A.S:Â Well, the chromatic harmonica is a melodic instrument, you know, and then we have the blues harp, which is a very flexible instrument. With a blues harp, you can produce the inflections and dynamics you need to play expressive music. In the chromatic harmonica it’s difficult to acquire that expression. I think Stevie Wonder managed to really play the blues on a chromatic harmonica. He was the first. Although Toots Thielemans plays the blues, he does it in a more jazz-oriented way. Larry Adler also played the blues ”“ in an elegant, sophisticated way. But Stevie Wonder really played the blues in a different way.
J.C: Stevie Wonder is a gypsy at heart. It is in his blood. [Laughs]
Josemi, where do you think flamenco is headed, with all its new interpretations going on?
J.C:Â Flamenco has a huge corpus. So every flamenco musician, even when experimenting, tries to preserve the core traditions. Flamenco will always be flamenco, though it’s going to be influenced by lots of different styles. Flamenco is not an intellectual music, its heart is going to stay where it is.
It has probably not been as intellectualised as some other musical traditions, like tango.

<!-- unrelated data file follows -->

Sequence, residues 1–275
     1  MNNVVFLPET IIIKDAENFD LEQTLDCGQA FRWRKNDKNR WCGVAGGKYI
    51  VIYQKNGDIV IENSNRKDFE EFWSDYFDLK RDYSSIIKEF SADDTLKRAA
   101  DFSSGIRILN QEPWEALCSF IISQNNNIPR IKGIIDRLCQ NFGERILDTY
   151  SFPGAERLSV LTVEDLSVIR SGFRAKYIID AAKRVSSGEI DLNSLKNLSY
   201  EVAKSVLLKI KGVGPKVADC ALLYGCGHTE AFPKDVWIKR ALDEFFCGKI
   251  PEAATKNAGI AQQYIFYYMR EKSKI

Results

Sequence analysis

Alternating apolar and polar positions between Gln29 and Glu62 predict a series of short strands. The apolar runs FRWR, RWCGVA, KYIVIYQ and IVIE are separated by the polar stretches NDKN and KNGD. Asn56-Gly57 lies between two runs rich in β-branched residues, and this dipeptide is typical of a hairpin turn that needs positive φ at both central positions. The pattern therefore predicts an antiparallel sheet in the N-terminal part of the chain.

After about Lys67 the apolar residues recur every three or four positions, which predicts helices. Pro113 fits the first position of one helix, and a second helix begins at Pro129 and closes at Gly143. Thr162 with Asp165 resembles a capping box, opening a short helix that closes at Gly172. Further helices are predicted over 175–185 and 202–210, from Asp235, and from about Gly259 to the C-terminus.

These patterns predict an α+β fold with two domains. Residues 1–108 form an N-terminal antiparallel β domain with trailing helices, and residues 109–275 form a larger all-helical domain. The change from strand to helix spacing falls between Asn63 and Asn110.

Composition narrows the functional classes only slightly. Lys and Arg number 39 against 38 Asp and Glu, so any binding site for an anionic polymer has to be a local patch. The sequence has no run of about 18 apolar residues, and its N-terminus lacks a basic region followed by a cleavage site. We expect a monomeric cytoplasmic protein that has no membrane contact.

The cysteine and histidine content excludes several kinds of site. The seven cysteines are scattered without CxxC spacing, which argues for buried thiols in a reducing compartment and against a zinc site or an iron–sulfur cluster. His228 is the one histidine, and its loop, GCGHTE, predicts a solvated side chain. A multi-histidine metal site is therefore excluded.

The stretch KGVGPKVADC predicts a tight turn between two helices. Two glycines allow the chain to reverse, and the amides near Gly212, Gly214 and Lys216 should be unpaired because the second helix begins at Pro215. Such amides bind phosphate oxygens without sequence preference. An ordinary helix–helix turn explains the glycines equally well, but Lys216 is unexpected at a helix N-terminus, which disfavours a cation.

A.S: Yes, many styles have been intellectualised too much, like tango or jazz. It is different to find something of, say, Louis Armstrong in the new players. The most modern people from New York don’t sound anything near Armstrong.
But flamenco has a will to stay sounding like itself. Because it has a very powerful energy, which is more powerful than the intellectual part of music.
Josemi, what has Antonio’s instrument done to the world of flamenco?
J.C:Â More than his instrument ”“ it’s obvious that he plays it very well ”“ his contribution to flamenco has more to do with his personality and his love for music.
So, Antonio, you are a gypsy after all.
J.C: A little. Just a little. [Laughs]